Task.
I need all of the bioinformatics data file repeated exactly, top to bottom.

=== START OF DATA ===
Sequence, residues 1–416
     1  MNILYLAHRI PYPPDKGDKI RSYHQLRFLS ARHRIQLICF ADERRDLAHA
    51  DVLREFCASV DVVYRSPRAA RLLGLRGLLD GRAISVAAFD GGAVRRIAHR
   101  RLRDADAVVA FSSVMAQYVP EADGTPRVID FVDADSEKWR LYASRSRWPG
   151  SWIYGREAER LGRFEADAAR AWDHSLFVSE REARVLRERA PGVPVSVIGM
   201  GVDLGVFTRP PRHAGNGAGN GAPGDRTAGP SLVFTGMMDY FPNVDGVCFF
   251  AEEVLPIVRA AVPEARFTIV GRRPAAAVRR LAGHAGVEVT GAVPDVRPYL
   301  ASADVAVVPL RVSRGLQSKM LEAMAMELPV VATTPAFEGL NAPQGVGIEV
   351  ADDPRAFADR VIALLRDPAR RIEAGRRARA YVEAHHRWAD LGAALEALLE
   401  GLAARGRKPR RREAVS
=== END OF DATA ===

Sequence, residues 1–416
     1  MNILYLAHRI PYPPDKGDKI RSYHQLRFLS ARHRIQLICF ADERRDLAHA
    51  DVLREFCASV DVVYRSPRAA RLLGLRGLLD GRAISVAAFD GGAVRRIAHR
   101  RLRDADAVVA FSSVMAQYVP EADGTPRVID FVDADSEKWR LYASRSRWPG
   151  SWIYGREAER LGRFEADAAR AWDHSLFVSE REARVLRERA PGVPVSVIGM
   201  GVDLGVFTRP PRHAGNGAGN GAPGDRTAGP SLVFTGMMDY FPNVDGVCFF
   251  AEEVLPIVRA AVPEARFTIV GRRPAAAVRR LAGHAGVEVT GAVPDVRPYL
   301  ASADVAVVPL RVSRGLQSKM LEAMAMELPV VATTPAFEGL NAPQGVGIEV
   351  ADDPRAFADR VIALLRDPAR RIEAGRRARA YVEAHHRWAD LGAALEALLE
   401  GLAARGRKPR RREAVS